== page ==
Rodney declined to respond to detailed questions for this story. One Nation party leader Pauline Hanson was also sent questions to which there was no response. We did manage to phone Rodney, though and while he declined to respond to many questions he did say that, in the case of Dick Lester, it was Lester who owed him money, not the other way around.

“We don’t owe Mr Lester the money,” he said. He then inquired as to whether we knew anything about the legal system and proceeded to explain that, as he had the right to appeal the judgement, and was in fact doing so, Dick Lester did not owe him money.

It is unclear, in light of all the debts owed by Rodney, how the One Nation Senator managed to decamp from bankruptcy last year. He was bankrupted in October 2013 and was out in December 2015.

He appears to have emerged from bankruptcy by asserting that he is solvent because he is owed substantial money by Australian Keg Company Pty Ltd (AKC).

Rodney’s defence claimed he was solvent because he was owed by AKC. The judge did not find that he was owed money by AKC, only that Rodney was relying on this to be solvent. Then, in August this year, AKC submitted a claim for $4.2 million to the administrator of DEQMO.

As DEQMO cannot pay its bills and is in the process of being wound up, Rodney has certainly adopted a “glass-half-full” approach to his financial affairs.

Indeed he describes himself as

“... also a successful businessman, sitting on the board as a managing director of several companies.”

We were unable to establish the bona fides of this claim to success and many managing directorships. The other of Rodney’s companies, Elite Grains Pty Ltd, is also insolvent. Still, it must be pleasing for the Prime Minister Malcolm Turnbull to have such an agile and innovative colleague with which to negotiate the nation’s future.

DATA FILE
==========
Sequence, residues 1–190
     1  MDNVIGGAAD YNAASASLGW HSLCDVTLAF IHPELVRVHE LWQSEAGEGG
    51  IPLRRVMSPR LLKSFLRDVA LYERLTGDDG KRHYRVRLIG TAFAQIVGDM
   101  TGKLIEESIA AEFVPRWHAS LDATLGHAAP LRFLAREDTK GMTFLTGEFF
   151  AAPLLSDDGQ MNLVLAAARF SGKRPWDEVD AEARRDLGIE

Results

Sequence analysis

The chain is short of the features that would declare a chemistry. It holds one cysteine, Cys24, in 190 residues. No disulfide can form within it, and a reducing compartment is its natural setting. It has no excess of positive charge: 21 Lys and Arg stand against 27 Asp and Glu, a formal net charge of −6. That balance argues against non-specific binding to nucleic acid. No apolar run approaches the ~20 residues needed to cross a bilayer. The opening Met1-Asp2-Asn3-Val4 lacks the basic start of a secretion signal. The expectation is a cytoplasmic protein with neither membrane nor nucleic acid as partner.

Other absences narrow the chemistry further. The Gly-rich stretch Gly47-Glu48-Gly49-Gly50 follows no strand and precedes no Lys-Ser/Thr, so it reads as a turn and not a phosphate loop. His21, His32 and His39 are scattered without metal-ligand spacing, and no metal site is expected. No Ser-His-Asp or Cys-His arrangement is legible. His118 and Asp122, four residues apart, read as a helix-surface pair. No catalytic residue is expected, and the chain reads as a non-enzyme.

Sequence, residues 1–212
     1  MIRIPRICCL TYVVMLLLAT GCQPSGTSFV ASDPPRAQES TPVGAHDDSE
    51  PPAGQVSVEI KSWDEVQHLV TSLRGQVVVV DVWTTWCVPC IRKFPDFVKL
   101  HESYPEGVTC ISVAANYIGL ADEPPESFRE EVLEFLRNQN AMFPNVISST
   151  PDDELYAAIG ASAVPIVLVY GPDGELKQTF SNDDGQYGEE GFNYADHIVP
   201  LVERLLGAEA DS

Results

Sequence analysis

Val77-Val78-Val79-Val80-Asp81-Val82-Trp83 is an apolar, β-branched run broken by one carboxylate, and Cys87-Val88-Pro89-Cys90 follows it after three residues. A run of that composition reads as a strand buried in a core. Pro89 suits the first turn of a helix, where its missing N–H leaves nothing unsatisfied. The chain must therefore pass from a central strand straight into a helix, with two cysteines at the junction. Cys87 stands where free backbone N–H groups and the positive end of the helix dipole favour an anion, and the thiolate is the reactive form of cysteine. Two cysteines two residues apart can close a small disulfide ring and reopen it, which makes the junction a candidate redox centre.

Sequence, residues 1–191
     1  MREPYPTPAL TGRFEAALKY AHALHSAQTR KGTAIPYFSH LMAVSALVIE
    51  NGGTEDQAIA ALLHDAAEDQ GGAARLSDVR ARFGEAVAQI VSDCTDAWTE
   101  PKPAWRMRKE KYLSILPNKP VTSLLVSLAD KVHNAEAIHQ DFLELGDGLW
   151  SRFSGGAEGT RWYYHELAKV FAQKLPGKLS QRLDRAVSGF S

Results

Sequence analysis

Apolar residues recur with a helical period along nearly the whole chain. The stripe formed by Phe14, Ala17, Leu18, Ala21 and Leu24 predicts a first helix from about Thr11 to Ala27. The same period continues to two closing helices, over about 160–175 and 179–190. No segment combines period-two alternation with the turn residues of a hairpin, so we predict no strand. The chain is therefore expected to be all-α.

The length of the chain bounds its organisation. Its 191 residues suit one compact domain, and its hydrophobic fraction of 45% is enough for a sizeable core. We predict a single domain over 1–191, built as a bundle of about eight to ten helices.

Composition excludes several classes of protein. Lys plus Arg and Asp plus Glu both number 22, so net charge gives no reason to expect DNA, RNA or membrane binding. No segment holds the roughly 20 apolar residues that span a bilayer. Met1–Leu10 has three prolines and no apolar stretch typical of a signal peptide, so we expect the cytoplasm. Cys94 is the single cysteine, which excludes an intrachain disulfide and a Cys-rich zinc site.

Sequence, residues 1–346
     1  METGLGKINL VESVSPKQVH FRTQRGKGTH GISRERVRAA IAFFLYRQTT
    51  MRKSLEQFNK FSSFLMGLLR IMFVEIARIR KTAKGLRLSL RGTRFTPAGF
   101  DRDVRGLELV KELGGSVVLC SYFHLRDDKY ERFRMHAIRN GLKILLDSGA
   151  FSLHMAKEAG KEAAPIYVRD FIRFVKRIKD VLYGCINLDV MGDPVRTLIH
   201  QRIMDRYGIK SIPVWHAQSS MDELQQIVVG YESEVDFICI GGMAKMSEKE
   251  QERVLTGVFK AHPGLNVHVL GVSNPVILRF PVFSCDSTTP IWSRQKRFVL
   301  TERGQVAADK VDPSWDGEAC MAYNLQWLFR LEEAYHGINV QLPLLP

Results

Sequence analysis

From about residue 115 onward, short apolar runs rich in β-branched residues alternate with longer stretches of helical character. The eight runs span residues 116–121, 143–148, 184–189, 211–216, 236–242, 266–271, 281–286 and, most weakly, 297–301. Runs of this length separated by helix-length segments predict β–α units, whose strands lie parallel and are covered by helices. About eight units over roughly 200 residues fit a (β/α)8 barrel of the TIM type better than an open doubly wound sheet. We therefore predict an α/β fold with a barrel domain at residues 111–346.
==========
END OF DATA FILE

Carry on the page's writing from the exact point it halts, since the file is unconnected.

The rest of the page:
Notwithstanding all of the above, it might be asked if Rodney Culleton is a suitable person to be heading up the government’s inquiry into the financial sector. He owes ANZ $4.3 million.

It was his anti-bank schtick that got Rodney into the Senate. He appeared in glorious colour as the star of a 60 Minutes investigation, 'Fighting Back', where he illuminated the plight of farmers fighting the banks (and was charged for stealing the hire car of the ANZ receivers).

Let it never be said that the Australian political landscape is lacking in light, movement and colour.

The anomalies in Rodney Culleton’s declaration of financial affairs to the Australian Electoral Commission include the following omissions:

  1. His claim against DEQMO Pty Ltd for $450,000 for unpaid wages;
  2. The judgment against him from Dick Lester for circa $203,000;
  3. The claim against him by PCL (ANZ) for circa $4.3 million;
  4. His shareholding in Elite Grains Pty Ltd;
  5. The $100,000 he owes Bruce Dixon (in addition to the $203,000 judgement in favour of Dixon.

This article was originally published on 25 October 2016 on michaelwest.com.au and has been reproduced with permission. You can read more from Michael on his website and follow him on Twitter @MichaelWestBiz.